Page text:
At the same time, I wish Scott had made more of an effort to show that the Crusades’ moral failings resulted not from the message of Christianity itself but from the greed and venality of men. Just as Muslims are right to deny that terrorism is condoned by Islam, a Christian is justified in pointing out that the excesses of the Crusades are not sanctioned by Christianity. I wish that point had been made in this film. I wish some "good Christians" were shown, even if only in passing, just to establish that contrast for the record.
I don’t think his message was actually anti-Christian, so much as secular–if anything mildly anti-religious, as the moral of the tale is clearly that religion more often than not brings out the worst in people–but these subtleties are unlikely to be picked up on by most viewers. The average person (which in America means Christian and, increasingly, Evangelical) will probably interpret this movies’ favorable portrayal of Muslims and the absence of positive Christian characters as an assault on their faith.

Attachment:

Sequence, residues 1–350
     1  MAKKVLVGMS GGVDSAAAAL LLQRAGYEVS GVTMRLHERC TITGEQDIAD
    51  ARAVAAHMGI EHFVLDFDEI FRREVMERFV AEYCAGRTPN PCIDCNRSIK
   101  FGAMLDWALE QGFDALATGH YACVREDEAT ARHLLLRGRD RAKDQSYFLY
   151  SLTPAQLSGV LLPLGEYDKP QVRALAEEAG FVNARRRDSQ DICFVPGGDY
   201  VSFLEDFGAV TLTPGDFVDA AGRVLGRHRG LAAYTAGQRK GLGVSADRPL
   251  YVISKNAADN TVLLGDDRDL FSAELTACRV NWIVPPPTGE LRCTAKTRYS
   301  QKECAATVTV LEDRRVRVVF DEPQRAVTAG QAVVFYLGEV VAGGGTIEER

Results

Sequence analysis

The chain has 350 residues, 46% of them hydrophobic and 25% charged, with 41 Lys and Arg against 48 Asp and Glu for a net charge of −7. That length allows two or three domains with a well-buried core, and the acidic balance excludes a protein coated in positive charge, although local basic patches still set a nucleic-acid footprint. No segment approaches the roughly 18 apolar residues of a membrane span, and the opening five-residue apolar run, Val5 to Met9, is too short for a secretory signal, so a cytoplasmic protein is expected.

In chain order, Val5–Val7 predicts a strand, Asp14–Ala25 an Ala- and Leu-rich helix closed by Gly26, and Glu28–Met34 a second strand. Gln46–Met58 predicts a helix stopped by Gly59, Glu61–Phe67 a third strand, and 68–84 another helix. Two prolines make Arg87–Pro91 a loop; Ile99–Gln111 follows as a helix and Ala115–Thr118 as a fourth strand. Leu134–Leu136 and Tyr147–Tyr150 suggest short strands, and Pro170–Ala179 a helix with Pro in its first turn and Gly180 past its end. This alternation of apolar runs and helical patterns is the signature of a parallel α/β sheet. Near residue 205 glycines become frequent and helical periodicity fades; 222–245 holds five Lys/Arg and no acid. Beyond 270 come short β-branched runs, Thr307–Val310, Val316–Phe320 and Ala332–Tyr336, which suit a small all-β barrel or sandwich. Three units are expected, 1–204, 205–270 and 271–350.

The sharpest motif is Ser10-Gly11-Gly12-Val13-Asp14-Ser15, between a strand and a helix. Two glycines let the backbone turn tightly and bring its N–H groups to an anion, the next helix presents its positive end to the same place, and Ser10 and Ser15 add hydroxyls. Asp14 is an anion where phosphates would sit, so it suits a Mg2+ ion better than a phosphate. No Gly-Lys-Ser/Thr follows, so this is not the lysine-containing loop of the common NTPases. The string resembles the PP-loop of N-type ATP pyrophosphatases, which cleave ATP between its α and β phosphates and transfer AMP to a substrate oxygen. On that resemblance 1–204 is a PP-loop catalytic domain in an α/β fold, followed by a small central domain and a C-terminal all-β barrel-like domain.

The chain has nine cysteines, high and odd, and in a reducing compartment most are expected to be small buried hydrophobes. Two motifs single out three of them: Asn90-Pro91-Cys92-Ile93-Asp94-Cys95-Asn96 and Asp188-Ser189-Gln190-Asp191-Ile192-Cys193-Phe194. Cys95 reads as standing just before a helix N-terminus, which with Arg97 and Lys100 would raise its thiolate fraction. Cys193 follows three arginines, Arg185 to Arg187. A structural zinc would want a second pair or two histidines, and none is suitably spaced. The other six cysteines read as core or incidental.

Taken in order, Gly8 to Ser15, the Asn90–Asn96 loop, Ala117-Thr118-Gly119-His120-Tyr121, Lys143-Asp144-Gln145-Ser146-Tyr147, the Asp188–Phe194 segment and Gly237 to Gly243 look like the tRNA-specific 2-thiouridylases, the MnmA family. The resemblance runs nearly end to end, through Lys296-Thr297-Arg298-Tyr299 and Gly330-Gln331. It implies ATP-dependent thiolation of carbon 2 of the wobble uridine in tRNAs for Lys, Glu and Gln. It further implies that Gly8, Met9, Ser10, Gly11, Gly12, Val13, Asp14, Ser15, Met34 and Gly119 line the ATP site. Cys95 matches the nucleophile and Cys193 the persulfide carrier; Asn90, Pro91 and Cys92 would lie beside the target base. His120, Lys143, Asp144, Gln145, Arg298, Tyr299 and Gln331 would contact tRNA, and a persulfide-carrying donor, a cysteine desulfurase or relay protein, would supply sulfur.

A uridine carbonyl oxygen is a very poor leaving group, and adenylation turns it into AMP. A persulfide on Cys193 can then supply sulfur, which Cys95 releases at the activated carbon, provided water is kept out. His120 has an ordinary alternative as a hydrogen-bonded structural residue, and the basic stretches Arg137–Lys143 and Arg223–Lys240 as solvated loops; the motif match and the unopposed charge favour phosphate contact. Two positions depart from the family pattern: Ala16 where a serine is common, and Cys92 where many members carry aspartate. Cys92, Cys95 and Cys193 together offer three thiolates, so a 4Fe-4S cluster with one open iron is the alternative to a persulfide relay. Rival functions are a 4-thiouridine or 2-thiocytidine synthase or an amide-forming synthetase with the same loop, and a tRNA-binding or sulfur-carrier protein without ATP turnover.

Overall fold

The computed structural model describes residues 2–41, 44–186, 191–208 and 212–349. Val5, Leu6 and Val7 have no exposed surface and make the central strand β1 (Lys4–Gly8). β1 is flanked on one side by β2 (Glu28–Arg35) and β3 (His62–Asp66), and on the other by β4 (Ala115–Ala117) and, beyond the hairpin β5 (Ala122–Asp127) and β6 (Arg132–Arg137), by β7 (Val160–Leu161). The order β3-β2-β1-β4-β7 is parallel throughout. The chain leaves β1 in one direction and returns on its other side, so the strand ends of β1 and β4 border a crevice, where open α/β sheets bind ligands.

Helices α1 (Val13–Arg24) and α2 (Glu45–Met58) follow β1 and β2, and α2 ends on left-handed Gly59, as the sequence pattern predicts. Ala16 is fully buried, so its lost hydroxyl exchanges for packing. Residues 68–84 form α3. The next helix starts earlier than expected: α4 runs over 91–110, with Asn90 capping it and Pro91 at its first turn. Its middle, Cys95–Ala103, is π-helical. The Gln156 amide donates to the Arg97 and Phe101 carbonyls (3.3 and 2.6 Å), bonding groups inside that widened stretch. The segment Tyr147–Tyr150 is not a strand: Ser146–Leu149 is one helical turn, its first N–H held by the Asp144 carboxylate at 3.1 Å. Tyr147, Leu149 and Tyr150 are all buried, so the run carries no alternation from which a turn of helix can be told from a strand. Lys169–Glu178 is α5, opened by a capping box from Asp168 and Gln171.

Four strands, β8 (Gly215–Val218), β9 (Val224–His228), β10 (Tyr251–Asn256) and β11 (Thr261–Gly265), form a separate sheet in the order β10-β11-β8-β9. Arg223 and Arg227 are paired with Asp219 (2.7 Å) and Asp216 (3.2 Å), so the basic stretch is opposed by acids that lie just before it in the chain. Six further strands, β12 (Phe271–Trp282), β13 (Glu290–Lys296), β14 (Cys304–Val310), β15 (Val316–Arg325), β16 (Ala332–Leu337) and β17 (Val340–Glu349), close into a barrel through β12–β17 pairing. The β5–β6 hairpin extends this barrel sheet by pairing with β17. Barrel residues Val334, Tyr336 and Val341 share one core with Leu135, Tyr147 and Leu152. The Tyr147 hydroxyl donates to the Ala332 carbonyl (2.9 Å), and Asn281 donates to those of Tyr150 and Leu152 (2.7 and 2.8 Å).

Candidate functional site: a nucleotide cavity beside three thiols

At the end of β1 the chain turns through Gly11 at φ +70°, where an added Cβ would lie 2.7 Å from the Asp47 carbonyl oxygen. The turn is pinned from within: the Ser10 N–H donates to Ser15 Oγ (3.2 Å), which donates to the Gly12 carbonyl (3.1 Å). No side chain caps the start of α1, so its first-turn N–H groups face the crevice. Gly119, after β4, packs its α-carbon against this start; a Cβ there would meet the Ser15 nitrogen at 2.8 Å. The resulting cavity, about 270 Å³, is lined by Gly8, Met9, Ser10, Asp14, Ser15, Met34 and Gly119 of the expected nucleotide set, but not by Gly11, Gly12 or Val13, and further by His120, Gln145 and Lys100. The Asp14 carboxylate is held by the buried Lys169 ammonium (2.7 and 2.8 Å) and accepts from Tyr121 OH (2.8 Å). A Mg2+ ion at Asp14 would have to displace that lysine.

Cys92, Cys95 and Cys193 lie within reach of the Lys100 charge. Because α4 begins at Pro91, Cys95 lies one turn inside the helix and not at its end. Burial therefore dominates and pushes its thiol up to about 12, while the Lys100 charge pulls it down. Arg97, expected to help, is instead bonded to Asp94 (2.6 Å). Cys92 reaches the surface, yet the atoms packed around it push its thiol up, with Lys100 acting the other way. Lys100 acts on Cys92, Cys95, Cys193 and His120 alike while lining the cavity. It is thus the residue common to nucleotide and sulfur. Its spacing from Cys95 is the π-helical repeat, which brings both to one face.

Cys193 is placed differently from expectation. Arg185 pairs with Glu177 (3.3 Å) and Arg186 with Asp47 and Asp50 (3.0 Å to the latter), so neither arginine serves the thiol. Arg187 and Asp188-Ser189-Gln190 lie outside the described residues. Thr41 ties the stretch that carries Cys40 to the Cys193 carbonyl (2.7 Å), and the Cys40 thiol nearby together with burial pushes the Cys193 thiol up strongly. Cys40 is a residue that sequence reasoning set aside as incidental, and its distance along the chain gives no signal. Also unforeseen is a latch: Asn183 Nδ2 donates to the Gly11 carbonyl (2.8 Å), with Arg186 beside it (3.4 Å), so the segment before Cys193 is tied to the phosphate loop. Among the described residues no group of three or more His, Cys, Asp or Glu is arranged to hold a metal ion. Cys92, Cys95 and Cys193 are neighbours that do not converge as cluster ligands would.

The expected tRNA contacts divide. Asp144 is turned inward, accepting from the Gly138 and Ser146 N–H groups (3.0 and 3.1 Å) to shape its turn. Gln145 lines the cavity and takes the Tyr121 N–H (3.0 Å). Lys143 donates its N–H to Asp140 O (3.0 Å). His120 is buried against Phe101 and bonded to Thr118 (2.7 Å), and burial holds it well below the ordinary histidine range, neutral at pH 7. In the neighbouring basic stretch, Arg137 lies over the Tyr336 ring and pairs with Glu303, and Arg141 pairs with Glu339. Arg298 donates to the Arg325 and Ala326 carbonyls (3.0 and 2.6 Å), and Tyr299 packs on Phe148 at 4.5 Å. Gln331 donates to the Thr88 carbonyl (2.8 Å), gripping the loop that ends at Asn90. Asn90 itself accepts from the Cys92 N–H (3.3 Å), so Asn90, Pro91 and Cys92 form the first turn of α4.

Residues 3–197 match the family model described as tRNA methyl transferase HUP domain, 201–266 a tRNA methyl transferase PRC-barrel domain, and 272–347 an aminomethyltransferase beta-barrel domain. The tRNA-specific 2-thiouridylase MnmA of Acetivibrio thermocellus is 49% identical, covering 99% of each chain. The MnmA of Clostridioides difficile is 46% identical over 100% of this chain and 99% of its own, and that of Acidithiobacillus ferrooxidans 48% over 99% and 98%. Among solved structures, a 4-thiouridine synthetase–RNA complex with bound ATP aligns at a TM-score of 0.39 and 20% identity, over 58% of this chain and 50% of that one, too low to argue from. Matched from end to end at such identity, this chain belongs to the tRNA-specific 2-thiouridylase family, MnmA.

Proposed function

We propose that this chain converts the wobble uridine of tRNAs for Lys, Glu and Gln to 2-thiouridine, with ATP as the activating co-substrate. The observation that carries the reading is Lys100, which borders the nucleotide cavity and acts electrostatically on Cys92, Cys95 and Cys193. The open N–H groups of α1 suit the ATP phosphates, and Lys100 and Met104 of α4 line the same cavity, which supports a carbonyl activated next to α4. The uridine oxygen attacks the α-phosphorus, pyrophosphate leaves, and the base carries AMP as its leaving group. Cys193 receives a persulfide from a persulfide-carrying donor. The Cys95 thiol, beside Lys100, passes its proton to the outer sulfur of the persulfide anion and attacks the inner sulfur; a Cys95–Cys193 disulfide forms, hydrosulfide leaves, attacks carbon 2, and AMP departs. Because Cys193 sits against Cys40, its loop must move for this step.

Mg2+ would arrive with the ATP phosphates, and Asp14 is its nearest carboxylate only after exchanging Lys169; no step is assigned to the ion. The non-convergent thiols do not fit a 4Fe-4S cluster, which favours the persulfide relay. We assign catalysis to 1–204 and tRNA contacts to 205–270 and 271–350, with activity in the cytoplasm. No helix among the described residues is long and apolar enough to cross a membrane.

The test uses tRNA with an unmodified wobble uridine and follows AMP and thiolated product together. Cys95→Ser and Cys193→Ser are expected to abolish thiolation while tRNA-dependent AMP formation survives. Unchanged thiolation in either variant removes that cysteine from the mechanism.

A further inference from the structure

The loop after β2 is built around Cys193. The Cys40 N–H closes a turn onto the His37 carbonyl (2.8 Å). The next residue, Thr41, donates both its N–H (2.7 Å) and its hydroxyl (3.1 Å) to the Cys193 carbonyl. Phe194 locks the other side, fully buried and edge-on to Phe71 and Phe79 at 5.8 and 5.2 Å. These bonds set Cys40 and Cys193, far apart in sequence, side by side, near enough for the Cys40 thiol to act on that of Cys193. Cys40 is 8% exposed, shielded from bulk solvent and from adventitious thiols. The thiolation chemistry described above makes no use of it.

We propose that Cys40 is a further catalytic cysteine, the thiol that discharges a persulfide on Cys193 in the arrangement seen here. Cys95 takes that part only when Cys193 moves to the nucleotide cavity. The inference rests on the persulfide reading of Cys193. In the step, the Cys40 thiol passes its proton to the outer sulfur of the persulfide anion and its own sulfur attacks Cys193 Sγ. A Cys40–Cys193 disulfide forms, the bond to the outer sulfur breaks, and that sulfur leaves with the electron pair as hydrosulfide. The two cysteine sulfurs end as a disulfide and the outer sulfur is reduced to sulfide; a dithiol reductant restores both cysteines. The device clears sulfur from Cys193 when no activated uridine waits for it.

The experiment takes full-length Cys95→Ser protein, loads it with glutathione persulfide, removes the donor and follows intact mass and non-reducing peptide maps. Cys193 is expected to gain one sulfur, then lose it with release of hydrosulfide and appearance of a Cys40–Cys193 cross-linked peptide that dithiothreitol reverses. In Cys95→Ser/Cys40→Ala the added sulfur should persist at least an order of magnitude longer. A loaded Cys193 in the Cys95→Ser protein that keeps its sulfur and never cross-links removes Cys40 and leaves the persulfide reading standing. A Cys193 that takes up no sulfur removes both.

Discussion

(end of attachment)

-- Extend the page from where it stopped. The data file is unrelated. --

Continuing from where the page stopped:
This is also a tactical error on Scott’s part. If he wanted this film to combat prejudice, he would’ve done well to ensure that its positive message wasn’t overshadowed by needless controversy. The way it stands now, Christian conservatives can, with some justification, accuse this film of bias, and use the ensuing controversy to prevent it from reaching its audience.
Check out Zahir’s insightful and entertaining review of the film. His observations about the dark side of Saladin as a historical figure vis-a-vis Shiah Muslims are particularly interesting.
I am not trying to judge him by modern Pan-Islamic norms, but it would be interesting to see whether Saladin’s chivalry towards non-Muslim opponents on the battlefield (e.g., sending over doctors and ice to assist an ailing opposing general) applied equally to his Shiah Muslim foes.
Another issue I have with the film is how anachronistic it feels. Little attempt is made to present the story in a manner that is any way historically authentic. Baillian and the other do-gooder Knights Templar (who in the real world also participated in the slaughter, as this massacre of Jews in the Rhineland in 1096 shows) sound more like modern secular humanists than medieval Christian knights.
My wife Shabana made an interesting observation: The good guys in this film are basically all "Americans". Hollywood tends to do this with all stories set beyond America’s shores–I’m still smarting from the Disney rendition of Alexandre Dumas’ The Three Musketeers, which was so execrable that I half expected Keifer Sutherland to say "Don’t have a cow, Your Grace!" to Richelieu.–but the artistic offense is especially egregious in a movie chroncling one of history’s first great clashes of civilizations.